I had this dish from Karnataka for the first time a little over a year ago. End of March 2005 it was. I had it at a get-together arranged by my parents-in-law in Bangalore, India. Although the catering was done by a contractor, the food had a 'cooked-at-home' taste. It was served on banana leaves and comprised of some 10 different items. All just too good to resist. And...then...I...*drool* *drool* *drool*
So, where was I? Aah yes, the Kosumbari and why I liked it as soon as I had the first morsel.
a) It uses uncooked Moong Dal in a salad with carrot and tomato. Very exotic for my tongue.
b) It uses no chillis. Only powdered pepper for the heat. Exotic again.
c) Raw curry leaves. Hmmm...very exo...well, you get the point.
The best part of it is that I didn't have to ask anybody for the recipe. I just knew it once I ate the dish. However, since I can't give you the taste of it and ask you to guess the ingredients, I'll just go ahead and list them for you here.
One note before we start: Please do not forget to add ginger to this dish, because otherwise it can be a little difficult to digest, since the Moong dal isn't cooked. The ginger should make it easily digestible, though.
Recipe for Moong Dal Kosumbari - My second recipe for A Ton Of Protein
¼ cup Moong dal (split, skinned green gram)
2 tbsp grated coconut (optional)
¼ tsp powdered black pepper
1 loosely packed cup coriander leaves
8-10 curry leaves
½ tsp lime juice
1 tsp finely chopped fresh ginger
½ tsp sugar (optional, and the quantity depends also upon the sourness of lime and tomato)
salt to taste
1 tsp oil
¼ tsp mustard seeds
1. Soak the Moong dal for one hour in just enough water (about ½ cup), so that you do not have to throw away the excess later.
2. After an hour, grate the carrot. Chop the tomato fine. Chop the coriander leaves. You could tear the curry leaves with your fingers, if you like. I don’t do this, because I am not happy ruining their pretty shape.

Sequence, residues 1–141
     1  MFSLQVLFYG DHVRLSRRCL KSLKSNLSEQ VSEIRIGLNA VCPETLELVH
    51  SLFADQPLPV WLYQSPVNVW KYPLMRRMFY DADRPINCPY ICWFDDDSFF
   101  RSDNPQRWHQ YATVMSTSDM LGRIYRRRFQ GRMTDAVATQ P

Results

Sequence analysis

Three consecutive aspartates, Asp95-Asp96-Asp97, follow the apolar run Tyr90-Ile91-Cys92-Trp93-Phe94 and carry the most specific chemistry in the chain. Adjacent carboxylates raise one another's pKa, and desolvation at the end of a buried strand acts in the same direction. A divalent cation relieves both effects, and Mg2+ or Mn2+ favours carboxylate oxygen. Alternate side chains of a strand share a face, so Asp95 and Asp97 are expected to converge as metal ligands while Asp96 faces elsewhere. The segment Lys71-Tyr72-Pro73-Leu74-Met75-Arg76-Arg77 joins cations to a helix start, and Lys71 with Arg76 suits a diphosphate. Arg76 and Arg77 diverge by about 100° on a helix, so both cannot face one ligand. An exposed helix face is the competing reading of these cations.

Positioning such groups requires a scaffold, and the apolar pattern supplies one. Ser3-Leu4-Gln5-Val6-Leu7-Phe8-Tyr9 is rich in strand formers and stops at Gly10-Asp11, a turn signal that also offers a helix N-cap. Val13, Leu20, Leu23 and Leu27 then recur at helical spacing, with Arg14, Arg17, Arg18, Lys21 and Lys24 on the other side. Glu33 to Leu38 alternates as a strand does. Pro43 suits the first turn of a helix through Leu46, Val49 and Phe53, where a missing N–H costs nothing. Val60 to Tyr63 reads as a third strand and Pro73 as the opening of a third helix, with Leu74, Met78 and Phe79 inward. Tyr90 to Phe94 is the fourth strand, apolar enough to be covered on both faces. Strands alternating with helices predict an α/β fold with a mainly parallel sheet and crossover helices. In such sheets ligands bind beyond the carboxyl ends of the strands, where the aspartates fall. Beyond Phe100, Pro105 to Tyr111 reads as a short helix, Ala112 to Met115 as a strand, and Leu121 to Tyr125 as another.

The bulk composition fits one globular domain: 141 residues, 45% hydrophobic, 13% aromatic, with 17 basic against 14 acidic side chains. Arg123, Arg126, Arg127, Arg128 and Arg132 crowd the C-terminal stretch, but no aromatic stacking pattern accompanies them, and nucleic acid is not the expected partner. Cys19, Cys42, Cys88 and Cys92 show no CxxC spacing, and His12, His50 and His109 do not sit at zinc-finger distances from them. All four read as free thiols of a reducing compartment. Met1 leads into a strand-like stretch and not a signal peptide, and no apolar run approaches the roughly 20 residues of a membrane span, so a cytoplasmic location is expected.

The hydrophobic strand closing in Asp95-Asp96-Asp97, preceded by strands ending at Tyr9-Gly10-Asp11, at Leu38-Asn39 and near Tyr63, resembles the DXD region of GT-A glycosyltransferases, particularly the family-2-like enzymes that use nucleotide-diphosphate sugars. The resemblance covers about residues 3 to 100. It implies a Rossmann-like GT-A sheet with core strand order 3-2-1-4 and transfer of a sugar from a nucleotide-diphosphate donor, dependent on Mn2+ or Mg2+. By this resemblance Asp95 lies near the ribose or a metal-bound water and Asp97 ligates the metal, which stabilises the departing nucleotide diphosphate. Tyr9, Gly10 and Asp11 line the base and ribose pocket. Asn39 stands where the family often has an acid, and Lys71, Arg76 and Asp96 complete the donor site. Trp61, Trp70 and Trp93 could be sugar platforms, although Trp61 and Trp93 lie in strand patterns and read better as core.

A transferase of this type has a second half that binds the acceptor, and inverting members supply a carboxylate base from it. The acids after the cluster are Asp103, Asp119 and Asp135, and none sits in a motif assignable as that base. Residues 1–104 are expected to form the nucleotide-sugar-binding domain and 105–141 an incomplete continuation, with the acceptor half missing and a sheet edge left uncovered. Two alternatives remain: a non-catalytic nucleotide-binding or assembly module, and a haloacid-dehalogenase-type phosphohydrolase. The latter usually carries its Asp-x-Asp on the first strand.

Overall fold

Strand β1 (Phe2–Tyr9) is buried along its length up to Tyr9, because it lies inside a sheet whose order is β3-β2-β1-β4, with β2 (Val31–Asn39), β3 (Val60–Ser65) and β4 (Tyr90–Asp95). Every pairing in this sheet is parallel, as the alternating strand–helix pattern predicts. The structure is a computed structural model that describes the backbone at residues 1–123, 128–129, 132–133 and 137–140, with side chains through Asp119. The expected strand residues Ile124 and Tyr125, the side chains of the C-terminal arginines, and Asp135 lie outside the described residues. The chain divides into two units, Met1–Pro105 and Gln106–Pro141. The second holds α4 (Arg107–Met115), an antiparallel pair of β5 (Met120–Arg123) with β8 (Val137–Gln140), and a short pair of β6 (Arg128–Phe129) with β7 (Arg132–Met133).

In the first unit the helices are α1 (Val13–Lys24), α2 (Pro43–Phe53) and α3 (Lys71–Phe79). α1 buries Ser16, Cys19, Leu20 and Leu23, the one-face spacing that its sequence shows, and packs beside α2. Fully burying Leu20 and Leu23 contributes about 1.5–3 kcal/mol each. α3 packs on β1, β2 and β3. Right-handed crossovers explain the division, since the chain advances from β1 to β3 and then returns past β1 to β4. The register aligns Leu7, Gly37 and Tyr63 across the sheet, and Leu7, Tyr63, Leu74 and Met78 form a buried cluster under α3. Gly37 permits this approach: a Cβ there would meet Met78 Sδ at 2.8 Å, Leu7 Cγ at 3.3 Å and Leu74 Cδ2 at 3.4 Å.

Clockwise from bottom left: Soaked Moong dal, grated coconut and carrot, powdered pepper, lime, oil, mustard seeds, coriander leaves
3. Mix all the ingredients mentioned in Step 2 in a serving bowl. Add grated coconut, if using. Add the seasoning (salt, sugar, pepper).
4. Drain the Moong dal and add it to the rest of the ingredients. Mix thoroughly.
5. Now heat oil in a pan or a Tadka Ladle. Once it is nice and hot, add the mustard seeds and let them pop. Once they stop popping, add this Tadka to the salad.
Serve as a side dish with phulka/chapattis/rice and some curry.
This Kosumbari can also be prepared with half a cup of Moong sprouts and grated & drained cucumbers. Do you know what I do? If I prepare the Kosumbari with carrot for lunch, and if there are leftovers, then I cover them and put them into the fridge. In the evening, I add the required amount of Moong sprouts & grated cucumber to it and adjust the seasoning. This way, I don't have to make a new dish from scratch and my leftovers get used in a semi-new avtaar. So smart, no? :) :)
Moong Dal Kosumbari served here with chapati and Gherkin-Cashew nut Upkari by Ashwini